Yesterday, Geoff gave his talk about agile GUI testing. For anyone who missed it, here is a video of him giving roughly the same talk earlier this year at Europython. Gojko Adzic has also blogged about what he said, which is exactly the kind of feedback we came to this conference for. In his post Gojko explains Geoff’s testing approach, and seems quietly positive about it, at least compared to the “sine of death” you get with other UI test automation tools. His conclusion that it looked more suitable for legacy code than greenfield development is a little uncomfortable though. We think it works there too 🙂


Today I’m giving my talk about teaching Test Driven Development via Coding Dojos. I’m looking forward to some feedback from the community about that. In the meantime I’ve written a bit about the three keynote talks we listened to yesterday.


Lisa Crispin

The day started with a keynote from Lisa Crispin titled “Agile Defect Management”. The overall message was to “lower the bar!” and aim to reduce defect count as far as possible, even to the point where a defect tracking software becomes superfluous. There was a lot of talk about whether such a tool was needed, and in what situations, and she gave a good overview of the state of the art of thinking in this area.


This was a good talk, with audience involvement, by someone who knows what they are talking about. The thing is I have higher expectations from a keynote. I expect to come away inspired and challenged, with some new insight to take back to my daily life. For me, this talk didn’t really deliver that. Lisa concentrated too much on the specific question of whether to use an electronic defect tracking tool or not, and didn’t sufficiently put that question in to the wider context given in the title of the talk “agile defect management”. I was disappointed to find nothing really original or surprising in what Lisa said.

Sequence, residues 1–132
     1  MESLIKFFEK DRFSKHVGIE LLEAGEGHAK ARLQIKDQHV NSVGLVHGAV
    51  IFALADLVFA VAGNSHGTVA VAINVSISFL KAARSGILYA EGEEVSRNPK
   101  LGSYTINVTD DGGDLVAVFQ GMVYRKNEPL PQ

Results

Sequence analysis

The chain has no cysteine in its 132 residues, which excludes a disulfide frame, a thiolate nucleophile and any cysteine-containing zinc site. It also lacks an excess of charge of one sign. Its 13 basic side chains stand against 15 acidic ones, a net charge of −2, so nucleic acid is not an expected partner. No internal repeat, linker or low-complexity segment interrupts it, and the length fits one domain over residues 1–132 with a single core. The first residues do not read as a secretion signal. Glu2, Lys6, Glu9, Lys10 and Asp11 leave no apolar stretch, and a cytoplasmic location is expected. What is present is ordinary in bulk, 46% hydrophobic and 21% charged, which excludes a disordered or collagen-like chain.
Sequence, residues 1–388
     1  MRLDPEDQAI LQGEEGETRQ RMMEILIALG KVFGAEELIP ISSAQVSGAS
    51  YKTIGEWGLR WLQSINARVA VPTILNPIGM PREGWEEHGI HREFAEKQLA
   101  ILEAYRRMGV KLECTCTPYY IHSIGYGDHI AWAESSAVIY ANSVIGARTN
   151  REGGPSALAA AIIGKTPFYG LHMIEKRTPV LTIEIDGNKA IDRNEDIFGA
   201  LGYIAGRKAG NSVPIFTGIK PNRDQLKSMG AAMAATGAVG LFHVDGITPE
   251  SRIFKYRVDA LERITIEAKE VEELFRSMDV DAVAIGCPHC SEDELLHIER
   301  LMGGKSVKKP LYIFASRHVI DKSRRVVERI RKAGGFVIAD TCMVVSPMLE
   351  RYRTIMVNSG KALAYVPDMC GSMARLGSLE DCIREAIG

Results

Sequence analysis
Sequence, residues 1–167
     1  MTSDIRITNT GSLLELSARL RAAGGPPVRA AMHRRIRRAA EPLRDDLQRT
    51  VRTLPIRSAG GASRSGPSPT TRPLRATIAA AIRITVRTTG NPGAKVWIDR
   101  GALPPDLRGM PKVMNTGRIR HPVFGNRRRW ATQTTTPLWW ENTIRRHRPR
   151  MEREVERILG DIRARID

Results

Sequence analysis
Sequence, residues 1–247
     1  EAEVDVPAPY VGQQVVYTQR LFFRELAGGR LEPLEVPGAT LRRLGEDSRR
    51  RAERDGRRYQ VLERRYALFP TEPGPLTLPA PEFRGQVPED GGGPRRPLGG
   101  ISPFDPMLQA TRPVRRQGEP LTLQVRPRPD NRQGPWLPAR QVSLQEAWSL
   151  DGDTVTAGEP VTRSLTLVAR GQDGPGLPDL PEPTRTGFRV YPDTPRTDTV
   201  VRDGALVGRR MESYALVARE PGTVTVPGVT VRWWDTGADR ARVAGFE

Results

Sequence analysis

Linda Rising

This was a good talk to hold straight after lunch when everyone is a bit sleepy. Linda spoke very amusingly on the subject “Deception and Estimation: How we Fool Ourselves”. She began by inviting us to see this as “the weird talk” of the conference, and that she was going to go through some of the latest scientific research in the area of cognition and psychology and hoped to relate that to why we have such trouble making good estimates in the context of a software project.


A self-confessed scientific amateur, she stated up front that she wouldn’t provide references to the research she mentioned, although she could give them to you if you emailed her and asked. Linda then proceeded to relate a series of amusing anecdotes designed to illustrate how irrational and over-optimistic people can be. (Markus Gärtner has blogged about what they all were). Towards the end of the talk, Linda began to relate all this to the subject of estimation, and told a story about some conference where she met people who were trying to apply scientific methods, statistics and data mining to the problem of improving estimates in software projects. In my mind, a seemingly a rational response to the problem of irrational, over-optimistic people.